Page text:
So instead of asking, “What’s the safest option?” ask “What do we want to do?”
Then ask, “How do we do this in the safest way possible?”
That’s what we did when faced with the blizzard. We asked ourselves, “Do we want to stay here, getting colder and losing morale with every passing hour, or do we want to push forward?”
If we continued hiking, we had the promise of a warm hotel, as my parents were scheduled to pick us up at the Newfound Gap, which is the first and only major road crossing on the AT in the Smokies. With hot showers and warm beds in mind, we decided as a family that we wanted to continue hiking.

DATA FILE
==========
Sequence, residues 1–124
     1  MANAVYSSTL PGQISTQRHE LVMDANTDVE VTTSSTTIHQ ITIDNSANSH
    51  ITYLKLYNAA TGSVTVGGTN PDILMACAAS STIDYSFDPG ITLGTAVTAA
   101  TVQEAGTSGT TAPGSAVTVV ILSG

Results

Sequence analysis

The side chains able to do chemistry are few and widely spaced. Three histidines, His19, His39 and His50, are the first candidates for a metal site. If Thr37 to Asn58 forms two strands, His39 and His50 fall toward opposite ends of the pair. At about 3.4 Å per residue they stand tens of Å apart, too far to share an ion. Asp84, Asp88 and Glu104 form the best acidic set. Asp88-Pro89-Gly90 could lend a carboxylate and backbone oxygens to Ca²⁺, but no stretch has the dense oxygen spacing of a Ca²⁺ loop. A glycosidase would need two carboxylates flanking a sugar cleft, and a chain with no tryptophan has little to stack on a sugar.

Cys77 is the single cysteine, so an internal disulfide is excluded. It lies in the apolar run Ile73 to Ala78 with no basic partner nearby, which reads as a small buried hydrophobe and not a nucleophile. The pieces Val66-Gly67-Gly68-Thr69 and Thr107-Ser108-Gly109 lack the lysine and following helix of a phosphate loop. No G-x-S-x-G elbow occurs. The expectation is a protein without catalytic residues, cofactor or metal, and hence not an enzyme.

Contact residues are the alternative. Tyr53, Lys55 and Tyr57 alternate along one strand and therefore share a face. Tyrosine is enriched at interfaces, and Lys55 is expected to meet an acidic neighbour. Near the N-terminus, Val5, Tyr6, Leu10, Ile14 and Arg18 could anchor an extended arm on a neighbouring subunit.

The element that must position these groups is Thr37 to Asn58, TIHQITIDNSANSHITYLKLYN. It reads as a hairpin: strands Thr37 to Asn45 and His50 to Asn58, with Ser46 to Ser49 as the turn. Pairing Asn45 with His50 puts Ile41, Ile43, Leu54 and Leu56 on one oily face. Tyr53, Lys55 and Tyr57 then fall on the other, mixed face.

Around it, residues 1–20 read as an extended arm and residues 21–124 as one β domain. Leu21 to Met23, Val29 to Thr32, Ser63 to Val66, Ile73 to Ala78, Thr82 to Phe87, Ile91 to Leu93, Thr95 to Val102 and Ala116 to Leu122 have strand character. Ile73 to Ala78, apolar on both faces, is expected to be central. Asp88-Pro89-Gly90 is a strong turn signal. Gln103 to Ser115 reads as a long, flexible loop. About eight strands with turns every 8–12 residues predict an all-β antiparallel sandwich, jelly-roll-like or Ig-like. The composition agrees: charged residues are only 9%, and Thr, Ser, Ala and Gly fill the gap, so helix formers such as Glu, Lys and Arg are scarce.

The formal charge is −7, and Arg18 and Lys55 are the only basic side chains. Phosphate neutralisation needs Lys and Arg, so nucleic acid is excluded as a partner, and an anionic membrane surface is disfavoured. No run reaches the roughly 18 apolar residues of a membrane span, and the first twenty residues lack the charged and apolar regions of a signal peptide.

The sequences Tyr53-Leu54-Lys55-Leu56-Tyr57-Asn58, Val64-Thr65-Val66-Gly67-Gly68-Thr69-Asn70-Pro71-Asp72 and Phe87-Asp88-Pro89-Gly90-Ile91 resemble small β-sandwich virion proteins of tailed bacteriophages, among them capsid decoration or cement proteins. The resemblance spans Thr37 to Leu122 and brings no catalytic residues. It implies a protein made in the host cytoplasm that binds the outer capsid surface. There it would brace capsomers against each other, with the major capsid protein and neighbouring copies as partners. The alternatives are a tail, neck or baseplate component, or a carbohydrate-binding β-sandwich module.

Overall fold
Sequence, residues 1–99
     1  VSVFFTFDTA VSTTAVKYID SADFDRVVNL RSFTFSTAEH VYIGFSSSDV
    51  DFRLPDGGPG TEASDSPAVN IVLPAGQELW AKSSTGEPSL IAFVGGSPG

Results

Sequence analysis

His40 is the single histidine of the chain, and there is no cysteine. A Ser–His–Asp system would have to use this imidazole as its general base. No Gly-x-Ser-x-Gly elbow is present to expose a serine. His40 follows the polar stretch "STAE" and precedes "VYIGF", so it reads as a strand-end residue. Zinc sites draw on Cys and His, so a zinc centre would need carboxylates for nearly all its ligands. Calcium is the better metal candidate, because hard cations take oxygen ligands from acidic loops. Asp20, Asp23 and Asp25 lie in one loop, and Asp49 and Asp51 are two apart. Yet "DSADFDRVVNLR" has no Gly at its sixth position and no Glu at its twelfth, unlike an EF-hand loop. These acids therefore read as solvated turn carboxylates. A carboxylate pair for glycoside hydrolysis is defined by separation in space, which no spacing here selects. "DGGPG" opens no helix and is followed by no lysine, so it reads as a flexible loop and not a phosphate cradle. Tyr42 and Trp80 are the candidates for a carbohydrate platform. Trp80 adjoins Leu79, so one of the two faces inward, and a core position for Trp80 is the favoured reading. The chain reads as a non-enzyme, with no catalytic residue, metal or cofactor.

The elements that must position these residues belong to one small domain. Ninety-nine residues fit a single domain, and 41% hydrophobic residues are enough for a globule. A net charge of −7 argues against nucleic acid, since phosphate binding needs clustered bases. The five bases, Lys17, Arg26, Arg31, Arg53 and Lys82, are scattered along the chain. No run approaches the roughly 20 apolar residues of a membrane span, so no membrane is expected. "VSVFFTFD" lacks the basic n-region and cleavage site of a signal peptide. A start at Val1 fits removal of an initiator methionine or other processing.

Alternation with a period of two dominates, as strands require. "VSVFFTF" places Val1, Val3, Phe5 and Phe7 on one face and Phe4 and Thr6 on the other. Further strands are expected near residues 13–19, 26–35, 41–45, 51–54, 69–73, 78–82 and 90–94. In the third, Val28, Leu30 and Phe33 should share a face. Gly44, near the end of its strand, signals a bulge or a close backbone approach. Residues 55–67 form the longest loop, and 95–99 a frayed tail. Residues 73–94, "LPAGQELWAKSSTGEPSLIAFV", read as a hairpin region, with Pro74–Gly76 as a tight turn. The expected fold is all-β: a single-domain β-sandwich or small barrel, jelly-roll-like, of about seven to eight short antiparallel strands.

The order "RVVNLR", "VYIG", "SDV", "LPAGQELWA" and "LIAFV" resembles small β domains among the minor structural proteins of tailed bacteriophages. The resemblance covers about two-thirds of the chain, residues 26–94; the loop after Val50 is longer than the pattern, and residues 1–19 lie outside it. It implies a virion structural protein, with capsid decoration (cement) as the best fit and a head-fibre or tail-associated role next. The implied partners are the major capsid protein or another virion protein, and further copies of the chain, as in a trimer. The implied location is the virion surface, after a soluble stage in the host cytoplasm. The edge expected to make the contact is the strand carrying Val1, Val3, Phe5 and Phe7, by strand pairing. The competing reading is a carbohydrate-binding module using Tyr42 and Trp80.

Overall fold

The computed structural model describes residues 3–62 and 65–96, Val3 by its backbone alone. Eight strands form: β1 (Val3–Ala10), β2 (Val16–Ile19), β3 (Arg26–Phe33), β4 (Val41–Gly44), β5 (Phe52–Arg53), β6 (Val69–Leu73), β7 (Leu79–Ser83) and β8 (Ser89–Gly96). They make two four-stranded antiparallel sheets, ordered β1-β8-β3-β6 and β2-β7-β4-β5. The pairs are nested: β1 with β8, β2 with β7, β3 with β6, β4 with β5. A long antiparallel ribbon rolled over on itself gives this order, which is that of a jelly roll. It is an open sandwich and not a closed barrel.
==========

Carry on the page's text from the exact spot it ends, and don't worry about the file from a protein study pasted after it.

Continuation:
So then we had to figure out how to do it in the safest way possible. First, it’s important to know that, before ever attempting the AT, my family had hiked hundreds of miles together. We’d cut our teeth in the snowy mountains of the Pacific Northwest, so we had valuable experience and skills that would help us to hike safely.
We knew the biggest danger we’d face was the cold, so we all suited up in our warmest gear and waterproof rain gear. We also had hand warmers for our younger kids, as well as trekking poles for the kids that wanted them. As an additional precaution, we wrapped our two-year-old Rainier in a down blanket for extra warmth. Then we set off into the snow, taking care to stay close to one another because of the reduced visibility.